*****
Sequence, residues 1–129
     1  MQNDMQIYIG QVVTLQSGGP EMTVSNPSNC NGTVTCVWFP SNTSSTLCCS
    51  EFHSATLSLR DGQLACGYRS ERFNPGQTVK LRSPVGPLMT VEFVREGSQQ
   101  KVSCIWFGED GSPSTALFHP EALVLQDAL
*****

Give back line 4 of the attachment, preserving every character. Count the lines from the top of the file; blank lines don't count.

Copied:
   101  KVSCIWFGED GSPSTALFHP EALVLQDAL